- The Washington Times - Tuesday, August 15, 2000

Aether Systems Inc.'s buying spree continues.
The Owings Mills, Md., company that makes software for wireless devices yesterday bought Cerulean Technology Inc. for $150 million in cash and stock, its sixth acquisition in less than a year.
Cerulean, based in Marlborough, Mass., makes software used by police to let them communicate through wireless devices. The purchase gets Aether Systems into the government market for wireless devices.
It also helps the fast-growing company extend its reach as it tries to become a key player in the growing wireless data services market.
"We're going to pick out our key segments and dominate in them. We can't grow Aether fast enough," Aether Systems President and Vice Chairman George Davis said.
Cerulean is expected to expand its own market of public-sector customers using hand-held devices with Web access to fire departments, health and human services workers, and public works employees. Cerulean has 45,000 customers now, the company told analysts at a meeting yesterday.
In addition to moving into the government and health care fields, Aether Systems already is providing financial market information over hand-held devices, and marketing wireless data services for transportation and shipping companies.
Analysts said yesterday they liked the acquisition.
"It's part of their strategy to really take advantage of the market and look at the best way to move into new markets," said Riyad Said, senior analyst at Arlington-based investment firm Friedman, Billings, Ramsey & Co. Inc.
Nearly 500 million people worldwide have wireless access now, through either wireless phones or hand-held computers. By 2005 that's expected to grow to 1.5 billion. About half of those devices will be able to let users log onto the Web, and Aether Systems is trying to keep pace with that growing demand for mobile Web access through its acquisitions, according to Mr. Said.
Aether's biggest acquisition came last February when it bought Vienna-based Riverbed Technologies Inc., which makes software that allows the transfer of data from desktops to wireless devices. Aether Systems bought Riverbed for 5.4 million shares of its stock, and the deal was valued then at $802.5 million.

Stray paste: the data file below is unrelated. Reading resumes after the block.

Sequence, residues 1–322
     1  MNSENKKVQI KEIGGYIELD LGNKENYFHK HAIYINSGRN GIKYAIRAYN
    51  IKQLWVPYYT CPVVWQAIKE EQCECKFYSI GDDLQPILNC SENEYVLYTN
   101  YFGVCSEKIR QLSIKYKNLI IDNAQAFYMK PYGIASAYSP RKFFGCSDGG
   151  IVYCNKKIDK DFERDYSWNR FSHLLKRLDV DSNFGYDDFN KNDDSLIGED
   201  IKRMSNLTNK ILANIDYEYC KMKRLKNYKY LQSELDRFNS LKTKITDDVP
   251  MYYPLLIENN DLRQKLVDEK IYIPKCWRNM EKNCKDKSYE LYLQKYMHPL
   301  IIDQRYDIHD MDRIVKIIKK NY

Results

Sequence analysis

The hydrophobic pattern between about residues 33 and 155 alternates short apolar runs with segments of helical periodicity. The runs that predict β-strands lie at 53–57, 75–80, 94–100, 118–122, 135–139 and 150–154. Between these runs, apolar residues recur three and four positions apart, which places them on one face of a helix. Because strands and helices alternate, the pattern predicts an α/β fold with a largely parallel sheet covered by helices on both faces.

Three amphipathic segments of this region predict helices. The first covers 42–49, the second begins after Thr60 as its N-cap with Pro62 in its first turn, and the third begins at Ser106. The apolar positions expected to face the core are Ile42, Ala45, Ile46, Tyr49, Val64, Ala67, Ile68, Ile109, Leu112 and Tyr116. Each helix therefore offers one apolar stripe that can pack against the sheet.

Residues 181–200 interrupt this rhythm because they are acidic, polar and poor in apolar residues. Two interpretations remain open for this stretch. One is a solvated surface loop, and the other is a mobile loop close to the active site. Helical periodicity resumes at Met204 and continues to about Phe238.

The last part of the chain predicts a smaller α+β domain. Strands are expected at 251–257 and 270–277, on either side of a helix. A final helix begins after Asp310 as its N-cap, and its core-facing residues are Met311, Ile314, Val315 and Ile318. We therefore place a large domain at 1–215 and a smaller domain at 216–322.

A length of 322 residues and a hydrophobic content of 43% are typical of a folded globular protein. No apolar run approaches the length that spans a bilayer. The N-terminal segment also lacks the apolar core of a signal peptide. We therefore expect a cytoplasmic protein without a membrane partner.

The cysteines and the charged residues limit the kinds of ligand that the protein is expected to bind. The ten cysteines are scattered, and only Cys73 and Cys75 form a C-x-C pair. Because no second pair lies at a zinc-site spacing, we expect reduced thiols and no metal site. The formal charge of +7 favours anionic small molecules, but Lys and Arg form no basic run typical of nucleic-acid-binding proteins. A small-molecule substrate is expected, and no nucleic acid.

Aether Systems also has purchased Bethesda-based Mobeo Inc. for $12 million in cash, Richmond-based LocusOne Communications Inc. for $40 million in cash, Scottsdale, Ariz.-based NetSearch LLC for $25 million in cash, and European company IFX Group for $85 million in cash.
Thomas Watts, analyst with Merrill Lynch Global Securities, said he expects Aether Systems to make two more acquisitions within the next 90 days.
"We have lots of things on the burner," Mr. Davis said.
That could add up to $100 million in revenue to Aether's bottom line, Mr. Watts said.
Aether Systems reported an $89.9 million net loss for the second quarter on revenue of $10.7 million.
Mr. Said doesn't expect the company to report net income until about 2005.
Aether Systems raised $1.4 billion by selling debt and convertible securities in a secondary offering in March.
Aether Systems also said yesterday it will start a new venture capital fund that will invest in companies developing wireless products, and invest $15 million in ParkStone Medical Information Systems, whose software lets doctors access patient records via hand-held devices.
Aether Systems has already invested $40 million in wireless companies in the last three months, including $20 million in Novatel Wireless Inc., which makes wireless modems.
Aether Capital, the new venture fund, will manage the investments. Aether Systems will contribute $125 million to the new fund.
Acquisitions have helped bolster its work force to 600 persons. The company had a mere 70 workers when it made its initial public offering last October.
Aether Systems closed yesterday at $142.50, down $6.94 on the Nasdaq stock market.

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